Students become farm business consultants – for 45th year
Release Date 09 April 2014
Agriculture students from the University of Reading have had the chance to put their business skills to the test by acting as consultants to a real farm business.
This year, 33 students took part in the well-established scheme, run between the University's School of Agriculture, Policy and Development and Barclays, with 2014 representing the project's 45th anniversary.
The scheme aims to give students real-world experience in the world of farming business, while also providing help to a genuine agricultural enterprise with some ideas about where it might want to apply crucial capital investment.
Dr Alison Bailey, from the University's School of Agriculture, Policy and Development, said: "At Reading we have understood for a very long time that students need both firm academic knowledge as well as real-world practical experience. We believe this scheme, while modernised for today's world, is as helpful to students and businesses today as it was when it began in 1969."
This year, the dairy enterprise on the Farley Estate near Reading was the host. The students developed plans for redevelopment of the dairy and opportunities for diversification into areas as varied as offices, stabling, hosting polo events, kennels, storage, residential lettings, a day spa, renewable energy, and a centre for dairy excellence.
Students visited the farm and spoke to its managers, acting as real consultants, before preparing business plans with ideas for future development of the farm.
The detailed plans were reviewed by academic staff at Reading, the host farmer and Barclays managers, before Barclays staff interviewed the students to decide whether or not the proposed developments would get the go-ahead to receive funding.
Karl McConville, Barclays Relationship Director, Corporate Banking, South said: "Barclays is committed to supporting young people to make the transition from education into the work place. We welcome the opportunity to support students into employment, by using our local expertise and business knowledge to provide opportunities to learn with real life business scenarios and understand the requirements of a financial provider."
The successful exercise shows the longstanding commitment of the University of Reading to give students the skills they need to succeed after graduating, the mutual benefits of collaboration between business and the University, and the longevity of Barclays' support for both businesses and young people entering the world of work.
NOTES AND ADDITIONAL COMMENTS
The University of Reading is one of the world's leading centres for the study of agriculture and food. For more details visit http://www.reading.ac.uk/apd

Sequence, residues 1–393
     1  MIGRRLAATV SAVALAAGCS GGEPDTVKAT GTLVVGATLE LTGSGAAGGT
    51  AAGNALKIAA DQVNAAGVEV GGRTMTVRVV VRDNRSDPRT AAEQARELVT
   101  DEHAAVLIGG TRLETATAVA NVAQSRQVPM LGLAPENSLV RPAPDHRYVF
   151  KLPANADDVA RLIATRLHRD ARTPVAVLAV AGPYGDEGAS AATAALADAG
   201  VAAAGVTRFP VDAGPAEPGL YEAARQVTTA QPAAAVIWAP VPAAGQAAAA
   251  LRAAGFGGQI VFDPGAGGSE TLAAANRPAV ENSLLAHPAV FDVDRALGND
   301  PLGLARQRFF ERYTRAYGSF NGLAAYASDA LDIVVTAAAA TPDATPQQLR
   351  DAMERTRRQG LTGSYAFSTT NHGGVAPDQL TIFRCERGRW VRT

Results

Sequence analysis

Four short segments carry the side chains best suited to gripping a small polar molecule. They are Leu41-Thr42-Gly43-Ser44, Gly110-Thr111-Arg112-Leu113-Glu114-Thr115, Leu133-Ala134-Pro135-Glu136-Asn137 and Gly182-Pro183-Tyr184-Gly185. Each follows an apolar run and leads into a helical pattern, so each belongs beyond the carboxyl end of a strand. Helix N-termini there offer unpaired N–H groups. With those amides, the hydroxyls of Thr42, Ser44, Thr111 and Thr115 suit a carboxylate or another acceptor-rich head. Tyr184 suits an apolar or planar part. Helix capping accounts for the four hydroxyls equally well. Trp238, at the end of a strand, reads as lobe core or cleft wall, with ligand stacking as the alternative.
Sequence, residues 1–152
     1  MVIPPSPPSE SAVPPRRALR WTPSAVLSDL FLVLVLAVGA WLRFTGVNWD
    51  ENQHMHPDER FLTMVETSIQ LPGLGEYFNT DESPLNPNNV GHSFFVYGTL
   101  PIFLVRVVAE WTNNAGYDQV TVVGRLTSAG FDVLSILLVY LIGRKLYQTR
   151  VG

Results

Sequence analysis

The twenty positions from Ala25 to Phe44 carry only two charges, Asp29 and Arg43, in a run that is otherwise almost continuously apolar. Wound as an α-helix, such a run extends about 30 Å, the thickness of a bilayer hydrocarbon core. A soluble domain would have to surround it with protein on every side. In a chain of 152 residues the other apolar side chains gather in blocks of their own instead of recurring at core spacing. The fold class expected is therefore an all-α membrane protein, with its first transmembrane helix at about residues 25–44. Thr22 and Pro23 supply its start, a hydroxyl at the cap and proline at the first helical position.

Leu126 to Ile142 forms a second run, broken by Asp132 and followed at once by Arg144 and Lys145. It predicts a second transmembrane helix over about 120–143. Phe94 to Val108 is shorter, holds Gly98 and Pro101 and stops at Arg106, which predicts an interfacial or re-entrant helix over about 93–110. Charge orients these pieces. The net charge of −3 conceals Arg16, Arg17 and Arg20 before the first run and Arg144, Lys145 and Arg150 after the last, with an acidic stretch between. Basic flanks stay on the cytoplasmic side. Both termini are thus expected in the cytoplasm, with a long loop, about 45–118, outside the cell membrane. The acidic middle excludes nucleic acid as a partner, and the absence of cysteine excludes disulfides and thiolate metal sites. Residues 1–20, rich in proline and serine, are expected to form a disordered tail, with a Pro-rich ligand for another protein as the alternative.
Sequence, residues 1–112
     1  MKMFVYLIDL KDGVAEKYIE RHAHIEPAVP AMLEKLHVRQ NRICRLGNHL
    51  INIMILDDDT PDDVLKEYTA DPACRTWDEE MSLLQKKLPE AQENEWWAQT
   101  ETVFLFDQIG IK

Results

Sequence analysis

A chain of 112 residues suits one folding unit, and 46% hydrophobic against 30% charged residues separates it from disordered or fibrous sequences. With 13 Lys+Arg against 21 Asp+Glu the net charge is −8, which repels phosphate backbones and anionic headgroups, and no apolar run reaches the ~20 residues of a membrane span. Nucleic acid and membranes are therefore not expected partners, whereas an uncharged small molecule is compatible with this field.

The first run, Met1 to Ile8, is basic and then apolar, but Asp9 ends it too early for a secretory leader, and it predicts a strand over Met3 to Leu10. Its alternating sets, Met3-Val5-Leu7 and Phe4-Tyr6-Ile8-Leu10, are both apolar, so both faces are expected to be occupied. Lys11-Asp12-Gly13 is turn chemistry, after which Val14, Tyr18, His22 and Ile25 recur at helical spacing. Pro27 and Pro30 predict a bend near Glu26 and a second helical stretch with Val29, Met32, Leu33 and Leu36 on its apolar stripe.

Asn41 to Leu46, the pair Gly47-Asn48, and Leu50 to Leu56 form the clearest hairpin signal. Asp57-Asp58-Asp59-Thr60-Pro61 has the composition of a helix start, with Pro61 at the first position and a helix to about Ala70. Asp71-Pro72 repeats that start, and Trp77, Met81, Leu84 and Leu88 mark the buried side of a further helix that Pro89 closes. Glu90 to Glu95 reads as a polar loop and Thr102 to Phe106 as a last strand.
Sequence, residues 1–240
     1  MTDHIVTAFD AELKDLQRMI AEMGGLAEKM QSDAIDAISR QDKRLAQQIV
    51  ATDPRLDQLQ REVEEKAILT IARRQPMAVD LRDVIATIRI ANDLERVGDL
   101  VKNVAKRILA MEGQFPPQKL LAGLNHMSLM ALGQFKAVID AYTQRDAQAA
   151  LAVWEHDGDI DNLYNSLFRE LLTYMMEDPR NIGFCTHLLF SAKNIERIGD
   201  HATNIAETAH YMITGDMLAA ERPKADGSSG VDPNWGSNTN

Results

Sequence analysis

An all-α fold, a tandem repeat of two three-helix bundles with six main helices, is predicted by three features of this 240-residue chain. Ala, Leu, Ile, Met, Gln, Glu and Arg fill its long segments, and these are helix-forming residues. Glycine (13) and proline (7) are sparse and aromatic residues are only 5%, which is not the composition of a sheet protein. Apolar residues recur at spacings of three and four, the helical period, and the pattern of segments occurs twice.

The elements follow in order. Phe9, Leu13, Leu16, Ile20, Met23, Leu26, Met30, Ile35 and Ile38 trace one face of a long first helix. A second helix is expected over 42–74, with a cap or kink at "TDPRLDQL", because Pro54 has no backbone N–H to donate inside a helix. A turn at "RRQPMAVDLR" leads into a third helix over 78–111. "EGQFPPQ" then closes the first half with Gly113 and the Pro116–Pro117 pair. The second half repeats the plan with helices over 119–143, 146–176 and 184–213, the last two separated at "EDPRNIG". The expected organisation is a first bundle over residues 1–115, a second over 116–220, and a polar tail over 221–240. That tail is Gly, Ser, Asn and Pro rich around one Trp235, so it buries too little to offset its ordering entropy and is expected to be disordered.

Rosie Hopkins, 22, BSc Agricultural Business Management student, said: "It has pulled together knowledge we have gained over the last three years and applied it to a real life case study which ultimately adds an element of realism and enjoyment to the project. The entire process has been extremely beneficial. The feedback from the interview session held with Barclays Bank was very valuable highlighting areas for development which banks would consider when making the decision to issue a loan. Completing a project such as this will stand us in good for our future careers in the industry."
Rich Lewis, 21, BSc Agriculture student, said: "I really enjoyed the whole Barclays project; a lot of hard work went in by everyone and it was very satisfying to see how everything came together. I found creating the financial budgets very interesting - quite challenging but satisfying when we got it right, and also useful to my home farm situation."
Mark Robins, Chief Executive, Farley Estate, said: "We were very pleased to be invited to participate with Barclays and the University of Reading in this student project. We are proud of what we have achieved at Farley but we are always keen to identify the next phase in our development. It is very rewarding to watch the next generation of farm and land managers develop their ideas based on what we have achieved here and gives us plenty of food for thought for our future plans."
Neil Walker has taken part in the Barclay exercise both as a student, in 1978, and as a host business, at Manor Farm, Garford, Abingdon, most recently in 2013. He said: "During both the second and final years we made a number of farm visits, many of which involved a management appraisal. The culmination of these visits was the Barclays exercise. I left Reading returning to the family farm where I have since utilised my experiences at Reading to invest in and expand my own business which now includes arable, goats cheese, renewable energy and other diversified enterprises."